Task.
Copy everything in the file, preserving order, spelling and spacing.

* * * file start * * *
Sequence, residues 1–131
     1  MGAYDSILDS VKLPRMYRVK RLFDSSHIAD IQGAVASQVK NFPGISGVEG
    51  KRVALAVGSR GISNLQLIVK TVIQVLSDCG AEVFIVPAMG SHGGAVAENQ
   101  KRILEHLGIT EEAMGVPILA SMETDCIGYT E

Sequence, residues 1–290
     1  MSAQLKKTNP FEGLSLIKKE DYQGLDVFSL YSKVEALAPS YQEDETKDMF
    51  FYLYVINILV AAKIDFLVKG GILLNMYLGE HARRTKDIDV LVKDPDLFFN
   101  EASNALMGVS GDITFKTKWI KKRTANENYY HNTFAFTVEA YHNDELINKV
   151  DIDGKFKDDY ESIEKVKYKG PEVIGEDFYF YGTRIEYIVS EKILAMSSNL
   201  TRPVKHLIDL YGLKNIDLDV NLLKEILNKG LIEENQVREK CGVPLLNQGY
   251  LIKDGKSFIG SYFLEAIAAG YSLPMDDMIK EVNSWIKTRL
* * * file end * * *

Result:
Sequence, residues 1–131
     1  MGAYDSILDS VKLPRMYRVK RLFDSSHIAD IQGAVASQVK NFPGISGVEG
    51  KRVALAVGSR GISNLQLIVK TVIQVLSDCG AEVFIVPAMG SHGGAVAENQ
   101  KRILEHLGIT EEAMGVPILA SMETDCIGYT E

Sequence, residues 1–290
     1  MSAQLKKTNP FEGLSLIKKE DYQGLDVFSL YSKVEALAPS YQEDETKDMF
    51  FYLYVINILV AAKIDFLVKG GILLNMYLGE HARRTKDIDV LVKDPDLFFN
   101  EASNALMGVS GDITFKTKWI KKRTANENYY HNTFAFTVEA YHNDELINKV
   151  DIDGKFKDDY ESIEKVKYKG PEVIGEDFYF YGTRIEYIVS EKILAMSSNL
   201  TRPVKHLIDL YGLKNIDLDV NLLKEILNKG LIEENQVREK CGVPLLNQGY
   251  LIKDGKSFIG SYFLEAIAAG YSLPMDDMIK EVNSWIKTRL